The Chinese Annals of Batavia, the Kai Ba Lidai Shiji
and Other Stories (1610-1795) Leonard Blussé and Nie Dening open up a veritable treasure trove of Chinese archival sources about the autonomous history of Chinese Batavia. The main part of this study is devoted to the annotated translation of a unique historical study of the Chinese community of Batavia (Jakarta) written by an anonymous Chinese author at the end of the 18th century, the
Kai Ba Lidai Shiji. This historical document and a selection of other Chinese contemporary sources throw new light on a tragic event in the history of Southeast Asia’s overseas Chinese: the massacre of Batavia’s Chinese community in 1740.
The Turkic-Turkish Theme in Traditional Malay Literature is the first detailed study of the representation of the Turkic peoples and Ottoman Turks in Malay literature between the 14th–19th centuries. Drawing on a wide range of texts, Vladimir Braginsky uncovers manifold metamorphoses and diverse forms of localisation of this Turkic-Turkish theme. This theme has strongly influenced the religious and political ideals and political mythology of Malay society. By creating fictional rather than realistic portrayals of the Turks and Turkey, imagining the king of Rum as the origin point of Malay dynasties, and dreaming of Ottoman assistance in the jihad against the colonial powers, Malay literati ultimately sought to empower the Malay ‘self’ by bringing it closer to the Turkish ‘other’.
To my dear Pieternelletje describes a ten-year period in the lives of Pieternella van Hoorn and her grandfather Willem van Outhoorn, former governor-general of the Dutch East Indies. Eleven years old, Pieternella left for Amsterdam and the only contact possible was by mail.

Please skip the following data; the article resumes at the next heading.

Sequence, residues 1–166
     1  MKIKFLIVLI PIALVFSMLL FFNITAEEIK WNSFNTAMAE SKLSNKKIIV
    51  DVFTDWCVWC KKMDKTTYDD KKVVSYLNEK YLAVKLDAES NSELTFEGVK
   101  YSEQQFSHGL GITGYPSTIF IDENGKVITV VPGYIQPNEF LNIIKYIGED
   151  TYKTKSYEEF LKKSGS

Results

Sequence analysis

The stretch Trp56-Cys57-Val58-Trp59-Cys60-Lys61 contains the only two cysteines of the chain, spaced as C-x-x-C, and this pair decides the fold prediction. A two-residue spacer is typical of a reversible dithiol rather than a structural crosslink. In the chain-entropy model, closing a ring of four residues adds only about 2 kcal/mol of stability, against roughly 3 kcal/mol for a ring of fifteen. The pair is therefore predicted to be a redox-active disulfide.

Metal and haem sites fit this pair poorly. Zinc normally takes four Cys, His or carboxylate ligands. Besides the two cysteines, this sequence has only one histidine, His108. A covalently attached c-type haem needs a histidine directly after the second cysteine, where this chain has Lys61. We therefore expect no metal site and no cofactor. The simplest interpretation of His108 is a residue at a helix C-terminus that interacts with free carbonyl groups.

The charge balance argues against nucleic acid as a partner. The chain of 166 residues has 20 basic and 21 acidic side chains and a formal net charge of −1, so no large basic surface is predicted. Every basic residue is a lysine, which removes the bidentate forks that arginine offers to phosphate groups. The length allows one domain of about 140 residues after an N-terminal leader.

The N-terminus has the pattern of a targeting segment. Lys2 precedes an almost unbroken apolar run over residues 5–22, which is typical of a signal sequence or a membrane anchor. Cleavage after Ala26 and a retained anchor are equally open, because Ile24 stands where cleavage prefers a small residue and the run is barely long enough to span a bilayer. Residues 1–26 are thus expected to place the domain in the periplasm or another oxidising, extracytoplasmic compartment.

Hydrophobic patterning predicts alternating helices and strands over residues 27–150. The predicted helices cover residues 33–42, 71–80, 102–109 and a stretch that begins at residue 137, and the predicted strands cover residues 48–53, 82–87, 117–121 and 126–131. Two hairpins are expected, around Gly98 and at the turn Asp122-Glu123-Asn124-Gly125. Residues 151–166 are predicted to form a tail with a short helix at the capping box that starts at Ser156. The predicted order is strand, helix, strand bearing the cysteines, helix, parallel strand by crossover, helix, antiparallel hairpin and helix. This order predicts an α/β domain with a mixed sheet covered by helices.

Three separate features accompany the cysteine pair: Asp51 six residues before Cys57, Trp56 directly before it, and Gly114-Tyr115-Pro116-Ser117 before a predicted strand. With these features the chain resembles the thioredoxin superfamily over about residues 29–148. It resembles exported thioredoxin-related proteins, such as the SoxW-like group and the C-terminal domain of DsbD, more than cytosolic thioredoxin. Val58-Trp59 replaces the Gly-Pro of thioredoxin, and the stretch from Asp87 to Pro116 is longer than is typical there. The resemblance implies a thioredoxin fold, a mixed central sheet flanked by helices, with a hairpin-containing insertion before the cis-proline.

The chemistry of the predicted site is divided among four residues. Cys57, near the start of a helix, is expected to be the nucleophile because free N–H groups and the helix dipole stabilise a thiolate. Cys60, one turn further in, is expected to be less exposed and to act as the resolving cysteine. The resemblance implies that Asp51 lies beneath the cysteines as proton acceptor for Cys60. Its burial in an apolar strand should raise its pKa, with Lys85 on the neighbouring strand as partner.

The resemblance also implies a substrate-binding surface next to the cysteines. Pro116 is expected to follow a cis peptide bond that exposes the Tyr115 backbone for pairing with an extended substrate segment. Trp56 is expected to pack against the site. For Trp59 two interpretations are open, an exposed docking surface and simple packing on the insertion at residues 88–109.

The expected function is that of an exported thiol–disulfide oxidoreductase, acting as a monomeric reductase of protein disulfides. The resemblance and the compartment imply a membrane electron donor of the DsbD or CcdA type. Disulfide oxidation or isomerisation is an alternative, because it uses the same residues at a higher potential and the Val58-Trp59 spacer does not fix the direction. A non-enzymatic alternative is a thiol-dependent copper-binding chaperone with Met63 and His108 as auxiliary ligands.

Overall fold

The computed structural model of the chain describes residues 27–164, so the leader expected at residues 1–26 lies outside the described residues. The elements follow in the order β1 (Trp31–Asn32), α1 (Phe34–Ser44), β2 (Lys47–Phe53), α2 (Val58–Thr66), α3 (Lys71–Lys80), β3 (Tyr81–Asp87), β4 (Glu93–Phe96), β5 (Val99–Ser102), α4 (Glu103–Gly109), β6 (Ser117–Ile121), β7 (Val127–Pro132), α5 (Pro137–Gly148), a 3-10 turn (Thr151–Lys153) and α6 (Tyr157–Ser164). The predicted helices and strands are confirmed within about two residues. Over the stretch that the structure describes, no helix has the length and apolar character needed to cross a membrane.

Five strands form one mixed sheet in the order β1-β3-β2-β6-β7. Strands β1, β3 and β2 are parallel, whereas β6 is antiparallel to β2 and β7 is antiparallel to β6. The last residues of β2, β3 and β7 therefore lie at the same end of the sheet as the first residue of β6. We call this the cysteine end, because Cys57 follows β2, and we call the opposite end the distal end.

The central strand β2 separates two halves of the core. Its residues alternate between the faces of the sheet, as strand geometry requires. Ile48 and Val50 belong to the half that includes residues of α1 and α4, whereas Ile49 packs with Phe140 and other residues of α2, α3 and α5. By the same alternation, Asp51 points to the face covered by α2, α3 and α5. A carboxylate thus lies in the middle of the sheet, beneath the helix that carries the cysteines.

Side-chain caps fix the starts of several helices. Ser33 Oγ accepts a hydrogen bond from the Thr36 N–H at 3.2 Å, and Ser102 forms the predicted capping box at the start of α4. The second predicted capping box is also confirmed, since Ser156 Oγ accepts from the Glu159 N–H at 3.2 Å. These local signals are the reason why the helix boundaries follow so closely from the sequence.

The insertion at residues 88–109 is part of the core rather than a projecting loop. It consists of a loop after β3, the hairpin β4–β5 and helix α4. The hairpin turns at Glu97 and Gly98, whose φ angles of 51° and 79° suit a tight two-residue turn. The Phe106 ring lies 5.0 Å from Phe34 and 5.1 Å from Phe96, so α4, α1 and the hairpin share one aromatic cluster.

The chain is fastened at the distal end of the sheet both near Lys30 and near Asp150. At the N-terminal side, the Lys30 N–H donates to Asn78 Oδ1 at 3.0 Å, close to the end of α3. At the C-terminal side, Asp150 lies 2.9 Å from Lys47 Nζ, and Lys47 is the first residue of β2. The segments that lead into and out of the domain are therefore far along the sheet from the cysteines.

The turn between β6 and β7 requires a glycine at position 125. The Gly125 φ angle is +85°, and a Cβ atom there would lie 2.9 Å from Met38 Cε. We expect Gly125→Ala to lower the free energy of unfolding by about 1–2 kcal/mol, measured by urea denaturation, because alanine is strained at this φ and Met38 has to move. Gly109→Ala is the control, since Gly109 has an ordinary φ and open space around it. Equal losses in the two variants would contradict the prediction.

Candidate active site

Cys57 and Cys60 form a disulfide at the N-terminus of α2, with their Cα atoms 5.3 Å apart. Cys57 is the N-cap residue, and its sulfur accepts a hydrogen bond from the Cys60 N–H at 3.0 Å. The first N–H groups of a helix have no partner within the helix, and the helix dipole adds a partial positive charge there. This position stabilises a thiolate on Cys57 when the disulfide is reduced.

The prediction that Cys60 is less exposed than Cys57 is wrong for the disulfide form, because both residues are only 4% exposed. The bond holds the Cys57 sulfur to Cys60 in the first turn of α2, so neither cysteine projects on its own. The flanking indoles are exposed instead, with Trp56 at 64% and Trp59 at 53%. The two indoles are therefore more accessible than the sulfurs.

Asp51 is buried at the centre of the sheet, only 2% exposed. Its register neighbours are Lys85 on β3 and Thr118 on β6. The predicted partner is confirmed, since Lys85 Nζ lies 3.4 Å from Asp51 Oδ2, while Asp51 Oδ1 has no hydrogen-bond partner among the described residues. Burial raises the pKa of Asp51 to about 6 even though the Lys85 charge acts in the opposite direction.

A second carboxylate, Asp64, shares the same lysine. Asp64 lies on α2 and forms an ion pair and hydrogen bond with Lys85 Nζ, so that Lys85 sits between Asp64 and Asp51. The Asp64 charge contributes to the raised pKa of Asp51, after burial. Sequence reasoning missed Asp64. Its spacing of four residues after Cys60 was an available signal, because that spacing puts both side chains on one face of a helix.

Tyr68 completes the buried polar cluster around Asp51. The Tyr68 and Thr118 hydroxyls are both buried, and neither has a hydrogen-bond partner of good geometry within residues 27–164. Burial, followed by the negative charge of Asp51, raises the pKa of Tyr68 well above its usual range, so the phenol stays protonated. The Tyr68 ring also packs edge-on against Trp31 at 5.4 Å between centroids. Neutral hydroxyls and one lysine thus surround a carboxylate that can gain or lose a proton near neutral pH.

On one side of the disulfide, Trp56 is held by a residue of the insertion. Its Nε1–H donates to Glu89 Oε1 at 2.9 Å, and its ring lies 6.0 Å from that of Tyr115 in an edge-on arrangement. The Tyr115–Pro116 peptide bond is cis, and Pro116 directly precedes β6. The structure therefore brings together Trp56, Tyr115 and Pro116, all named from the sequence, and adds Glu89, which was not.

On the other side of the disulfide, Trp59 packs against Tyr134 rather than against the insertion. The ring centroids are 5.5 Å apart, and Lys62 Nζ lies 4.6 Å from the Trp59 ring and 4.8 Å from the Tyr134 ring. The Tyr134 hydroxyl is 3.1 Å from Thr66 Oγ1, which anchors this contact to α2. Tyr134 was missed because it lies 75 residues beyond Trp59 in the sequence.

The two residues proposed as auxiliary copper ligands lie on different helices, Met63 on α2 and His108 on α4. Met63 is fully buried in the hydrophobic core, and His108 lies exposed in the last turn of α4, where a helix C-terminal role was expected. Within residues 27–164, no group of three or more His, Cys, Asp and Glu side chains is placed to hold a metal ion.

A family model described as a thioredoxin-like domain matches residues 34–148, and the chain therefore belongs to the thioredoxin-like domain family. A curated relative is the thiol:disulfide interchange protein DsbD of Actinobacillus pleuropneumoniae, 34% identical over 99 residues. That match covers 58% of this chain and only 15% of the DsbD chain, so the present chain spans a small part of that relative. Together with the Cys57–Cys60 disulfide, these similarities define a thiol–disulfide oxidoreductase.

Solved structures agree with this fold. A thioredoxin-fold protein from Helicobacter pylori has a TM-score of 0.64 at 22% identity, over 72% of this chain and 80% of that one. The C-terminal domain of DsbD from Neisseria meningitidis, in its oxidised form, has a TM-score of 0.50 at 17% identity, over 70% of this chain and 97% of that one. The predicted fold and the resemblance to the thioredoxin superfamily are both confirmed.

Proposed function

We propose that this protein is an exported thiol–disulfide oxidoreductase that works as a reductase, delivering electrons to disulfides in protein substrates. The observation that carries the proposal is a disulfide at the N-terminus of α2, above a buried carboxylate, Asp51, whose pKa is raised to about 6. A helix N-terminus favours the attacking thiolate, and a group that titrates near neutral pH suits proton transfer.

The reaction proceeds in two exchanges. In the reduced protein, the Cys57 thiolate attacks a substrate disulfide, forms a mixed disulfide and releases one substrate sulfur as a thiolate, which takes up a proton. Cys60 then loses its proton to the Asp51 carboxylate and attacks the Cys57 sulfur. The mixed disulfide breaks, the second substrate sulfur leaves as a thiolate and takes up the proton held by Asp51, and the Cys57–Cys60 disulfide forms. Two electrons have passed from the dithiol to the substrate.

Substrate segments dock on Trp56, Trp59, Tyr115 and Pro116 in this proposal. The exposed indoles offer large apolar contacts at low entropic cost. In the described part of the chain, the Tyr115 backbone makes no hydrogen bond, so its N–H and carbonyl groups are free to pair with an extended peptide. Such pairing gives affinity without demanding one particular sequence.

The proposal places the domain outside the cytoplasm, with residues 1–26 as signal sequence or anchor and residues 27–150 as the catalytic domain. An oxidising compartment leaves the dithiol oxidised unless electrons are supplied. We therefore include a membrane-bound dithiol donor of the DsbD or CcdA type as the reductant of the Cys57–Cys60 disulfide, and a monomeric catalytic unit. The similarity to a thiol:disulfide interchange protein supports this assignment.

Numerous letters have survived and combined with contemporaneous documents, most of them never published before, they offer a vivid and clear picture of their private life and feelings, forming a most welcome addition to official VOC-history.
Van Outhoorn not only acted as Pieternella’s mentor while she tried to adjust to her new but unknown fatherland, but also sent her numerous exquisite presents, the greater part of which has been traced and described in full, thus offering new insight in the cultural history of Asia.
Since 2000, there have been fewer studies released about the ‘formal aspects’ of the operation of colonial powers, such as Portugal, in the East during the Early Modern period. Prior, the fall of Communism, in the last decade of the twentieth century, gave a boost to liberal ideology, while research into topics related to autocracy or state apparatus have become unfashionable. The Portuguese role in the East is usually overlooked, being less high-profile than that of the Dutch or British. Drawing on unpublished materials from the
Overseas Historical Archive, and other libraries in Portugal, this book considers Portuguese leadership and organization at home, where it pertained to the governance of the eastern colonies; as well as the formal and ‘soft’ instruments of state applied on the ground in these colonies in first half of the eighteenth century.
This monograph is a study of the interaction of politics and political theory in The Netherlands and Asia in the early seventeenth century. Its focal point is the Dutch jurist Hugo Grotius (1583-1645), who developed his rights and contract theories for the benefit of the United Dutch East India Company or VOC. The monograph reconstructs the immediate historical context of his political thought, as conceptualized in his early manuscript
De Jure Praedae/
On the Law of Prize and Booty and
The Free Sea (1609). It argues that Grotius’ justification of Dutch interloping in the colonial empires of Spain and Portugal made possible the VOC’s rise to power in the Malay Archipelago, which resulted in the slow, but steady, loss of selfdetermination on the part of the inhabitants of the Spice Islands.